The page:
Can We Feed the World in 2050? A Scoping Paper to Assess the Evidence
Since the 2007-8 food price crisis, alarms have sounded regarding our ability to feed a growing population in 2050. Some warn that we need to double food production; other estimates range from 60-70%. All feed the alarmist notion that global hunger is the result of flagging food production amid looming resource constraints. The policy prescriptions that follow -- the expansion of industrial-scale agricultural development – are deeply flawed. They ignore the true threats to our global food supply: biofuels expansion, inadequate investment in climate-resilient agriculture, especially for small-scale and women food producers, and the massive loss of food to spoilage and waste.
Most of the recent warnings come from a group of economic modeling studies, which GDAE’s Timothy A. Wise reviews in detail for this GDAE Working Paper, which was adapted for the ActionAid report, “Rising to the Challenge: Changing Course to Feed the World in 2050.” He finds that many of these public pronouncements calling for a doubling of global food production are based on outdated or flawed economic forecasting and misleading characterizations of the research. More reliable estimates of current supply, productivity, and demand trends – assuming business-as-usual policies – suggest the need and the ability to increase agricultural production by 60% over 2005-7 levels by 2050. This is a far cry from doubling food production, especially since an increasing share of the world’s agricultural production goes not to food or feed but to biofuels. Wise suggests that the goal of such economic forecasts should be to help policy-makers identify what needs to change in those business-as-usual policies that are contributing to high and volatile prices, food insecurity, and looming resource constraints on agricultural production. Notably, he finds that most economic forecasting fails to adequately guide decisions regarding several key variables:
Biofuels expansion - Biofuels expansion is a relatively recent phenomenon that has been poorly captured by most economic modeling to date. Few models adequately account for current trends, with some underestimating business-as-usual expansion by 100%. With national mandates and targets significantly driving biofuels expansion, new updated forecasts are urgently needed to help policy-makers assess the food security implications of current policies. Those policies are projected to divert as much 13% of cereal production from needed food production by 2030.
Inadequate and poorly targeted agricultural investment – Agricultural investment is key to ensuring growing food production. Whereas many projections stress the importance of agricultural productivity growth, few models assess differing priorities for agricultural research and investment. A growing consensus supports increased investment in climate-resilient food production, focusing on small-scale producers in food-insecure parts of the world. Yet most research, private and public, focuses on large-scale, input-intensive agricultural development. So too does most investment, driven by private-sector-led projects, such as the “New Alliance for Food Security and Nutrition” initiated by the G-8.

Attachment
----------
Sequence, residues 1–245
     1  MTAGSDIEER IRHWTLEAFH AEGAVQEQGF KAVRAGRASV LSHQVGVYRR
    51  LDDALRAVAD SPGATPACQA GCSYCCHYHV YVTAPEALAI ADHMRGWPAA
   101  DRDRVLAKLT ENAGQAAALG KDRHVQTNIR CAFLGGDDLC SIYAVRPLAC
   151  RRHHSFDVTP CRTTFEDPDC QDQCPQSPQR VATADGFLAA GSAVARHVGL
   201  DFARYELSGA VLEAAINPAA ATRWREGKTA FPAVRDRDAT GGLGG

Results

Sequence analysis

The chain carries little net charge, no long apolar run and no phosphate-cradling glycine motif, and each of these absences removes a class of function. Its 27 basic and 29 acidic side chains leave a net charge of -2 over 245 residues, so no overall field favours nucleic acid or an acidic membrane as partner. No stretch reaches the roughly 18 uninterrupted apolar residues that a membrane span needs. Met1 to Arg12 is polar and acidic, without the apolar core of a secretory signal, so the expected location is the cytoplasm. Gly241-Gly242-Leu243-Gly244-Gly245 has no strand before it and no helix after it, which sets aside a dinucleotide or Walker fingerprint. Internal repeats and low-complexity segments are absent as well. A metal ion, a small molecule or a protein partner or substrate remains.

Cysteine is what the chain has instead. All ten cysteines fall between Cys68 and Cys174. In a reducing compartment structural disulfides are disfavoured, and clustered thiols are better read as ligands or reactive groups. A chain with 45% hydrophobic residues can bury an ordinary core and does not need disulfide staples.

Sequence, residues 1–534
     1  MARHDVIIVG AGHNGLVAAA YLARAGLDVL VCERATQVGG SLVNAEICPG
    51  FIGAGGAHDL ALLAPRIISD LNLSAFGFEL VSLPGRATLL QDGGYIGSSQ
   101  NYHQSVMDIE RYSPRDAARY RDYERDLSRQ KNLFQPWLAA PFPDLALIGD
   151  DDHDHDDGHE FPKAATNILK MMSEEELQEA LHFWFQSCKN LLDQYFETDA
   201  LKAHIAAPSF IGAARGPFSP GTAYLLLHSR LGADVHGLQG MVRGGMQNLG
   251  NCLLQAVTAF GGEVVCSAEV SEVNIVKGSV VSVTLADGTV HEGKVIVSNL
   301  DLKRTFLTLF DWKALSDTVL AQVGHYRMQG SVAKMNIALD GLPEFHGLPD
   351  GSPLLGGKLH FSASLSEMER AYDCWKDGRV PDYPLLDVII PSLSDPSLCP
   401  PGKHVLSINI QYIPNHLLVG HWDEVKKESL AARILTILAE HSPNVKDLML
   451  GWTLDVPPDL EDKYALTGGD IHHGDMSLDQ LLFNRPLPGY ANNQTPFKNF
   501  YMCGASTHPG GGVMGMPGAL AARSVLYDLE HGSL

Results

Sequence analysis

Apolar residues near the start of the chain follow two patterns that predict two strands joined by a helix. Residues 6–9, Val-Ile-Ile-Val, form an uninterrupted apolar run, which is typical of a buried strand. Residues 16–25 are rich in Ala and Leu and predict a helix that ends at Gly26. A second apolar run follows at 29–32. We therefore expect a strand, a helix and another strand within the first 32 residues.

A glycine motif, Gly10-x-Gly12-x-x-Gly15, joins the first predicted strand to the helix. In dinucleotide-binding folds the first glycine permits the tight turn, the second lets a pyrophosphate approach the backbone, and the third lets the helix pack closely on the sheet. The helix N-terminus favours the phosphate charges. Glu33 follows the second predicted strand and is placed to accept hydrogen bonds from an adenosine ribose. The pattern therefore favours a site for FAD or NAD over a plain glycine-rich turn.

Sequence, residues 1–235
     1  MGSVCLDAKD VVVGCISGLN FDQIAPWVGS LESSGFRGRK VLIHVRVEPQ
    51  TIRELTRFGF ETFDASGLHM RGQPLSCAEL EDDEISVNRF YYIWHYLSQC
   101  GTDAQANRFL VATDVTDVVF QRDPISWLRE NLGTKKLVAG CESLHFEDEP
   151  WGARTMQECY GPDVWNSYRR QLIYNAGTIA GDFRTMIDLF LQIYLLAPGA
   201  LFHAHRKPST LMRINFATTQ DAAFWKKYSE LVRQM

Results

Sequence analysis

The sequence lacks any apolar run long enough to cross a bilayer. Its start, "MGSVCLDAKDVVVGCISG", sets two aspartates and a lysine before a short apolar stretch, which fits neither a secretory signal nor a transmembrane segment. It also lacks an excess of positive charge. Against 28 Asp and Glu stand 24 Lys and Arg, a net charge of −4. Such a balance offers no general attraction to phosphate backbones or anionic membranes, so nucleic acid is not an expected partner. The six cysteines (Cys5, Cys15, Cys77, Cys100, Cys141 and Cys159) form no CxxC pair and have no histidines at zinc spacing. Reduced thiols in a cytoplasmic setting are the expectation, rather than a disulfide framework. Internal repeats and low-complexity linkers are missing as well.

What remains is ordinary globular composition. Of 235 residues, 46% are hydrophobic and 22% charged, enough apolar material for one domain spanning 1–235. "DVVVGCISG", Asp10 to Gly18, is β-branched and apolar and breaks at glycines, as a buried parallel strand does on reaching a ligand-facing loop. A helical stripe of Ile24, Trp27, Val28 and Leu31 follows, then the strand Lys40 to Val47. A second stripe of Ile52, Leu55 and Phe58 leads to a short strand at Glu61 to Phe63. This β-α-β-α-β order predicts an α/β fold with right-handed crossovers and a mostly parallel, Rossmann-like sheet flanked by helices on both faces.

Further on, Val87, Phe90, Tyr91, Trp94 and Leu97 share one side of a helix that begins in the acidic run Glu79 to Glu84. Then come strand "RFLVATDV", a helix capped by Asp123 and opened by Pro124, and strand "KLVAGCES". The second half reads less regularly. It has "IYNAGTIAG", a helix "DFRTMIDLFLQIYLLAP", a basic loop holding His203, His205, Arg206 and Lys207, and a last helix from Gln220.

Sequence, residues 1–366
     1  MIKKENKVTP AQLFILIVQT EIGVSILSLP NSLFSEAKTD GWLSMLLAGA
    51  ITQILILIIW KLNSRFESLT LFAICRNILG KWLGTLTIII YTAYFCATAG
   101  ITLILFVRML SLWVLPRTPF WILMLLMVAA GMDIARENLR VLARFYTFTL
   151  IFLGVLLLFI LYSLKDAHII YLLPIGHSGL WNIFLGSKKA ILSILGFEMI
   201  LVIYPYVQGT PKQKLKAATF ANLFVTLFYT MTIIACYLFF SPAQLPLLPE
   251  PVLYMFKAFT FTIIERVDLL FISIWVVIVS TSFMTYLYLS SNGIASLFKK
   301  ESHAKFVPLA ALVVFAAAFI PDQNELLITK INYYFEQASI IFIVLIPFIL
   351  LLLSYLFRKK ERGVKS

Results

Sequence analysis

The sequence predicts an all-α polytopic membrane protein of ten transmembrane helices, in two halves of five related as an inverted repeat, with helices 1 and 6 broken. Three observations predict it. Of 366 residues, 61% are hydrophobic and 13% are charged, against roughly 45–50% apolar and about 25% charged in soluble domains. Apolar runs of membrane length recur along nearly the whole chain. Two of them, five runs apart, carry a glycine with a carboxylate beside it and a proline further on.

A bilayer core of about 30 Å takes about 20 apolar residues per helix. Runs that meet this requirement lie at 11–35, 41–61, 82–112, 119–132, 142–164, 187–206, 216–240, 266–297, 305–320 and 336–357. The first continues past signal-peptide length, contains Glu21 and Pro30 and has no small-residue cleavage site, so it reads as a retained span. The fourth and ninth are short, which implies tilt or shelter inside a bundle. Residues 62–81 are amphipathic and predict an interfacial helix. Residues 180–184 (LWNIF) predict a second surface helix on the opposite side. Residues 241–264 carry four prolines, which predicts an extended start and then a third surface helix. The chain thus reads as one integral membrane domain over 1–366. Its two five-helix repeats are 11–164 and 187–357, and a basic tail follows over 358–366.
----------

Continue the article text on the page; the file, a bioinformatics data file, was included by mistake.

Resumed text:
Food waste and spoilage – One-third of global food production fails to nourish anyone. In industrialized countries, wasteful consumption patterns result in tremendous losses, while in developing countries poor infrastructure leads to high rates of spoilage before food makes it to market. Most forecasts assume the continued waste of the food we now produce, making the alarmist calls for increased food production ring hollow.
Climate change – We are just beginning to understand the implications of climate change for agriculture and food security. The impacts, plagued by multiple layers of uncertainty, are poorly incorporated in most economic forecasts. With international climate negotiations stalled, urgent attention is needed to mitigate industrial agriculture’s tremendous contribution to global warming and to help developing country food producers to adapt to a changing climate.
Meanwhile a growing body of evidence, based on experiences at local and regional levels, demonstrates the long-term value of investments in smallholder farming and sustainable agricultural methods. Strategic policy changes and investments can scale-up successful approaches and expand them to regions where they are most appropriate and most needed, especially regions in which food security is tenuous despite high agricultural potential. This working paper, and the ActionAid report based on it, reviews the economic forecasting on which most of the alarmist 2050 pronouncements are based, presents alternative modeling that can add useful insights, and identifies important areas in which further research can guide policy-makers in assessing changes to failing business-as-usual policies. Download “Can We Feed the World in 2050?” Download the ActionAid report, “Rising to the Challenge: Changing Course to Feed the World in 2050” Read the Executive Summary Download the working paper in French Visit the ActionAid site to learn more about their outreach on this topic.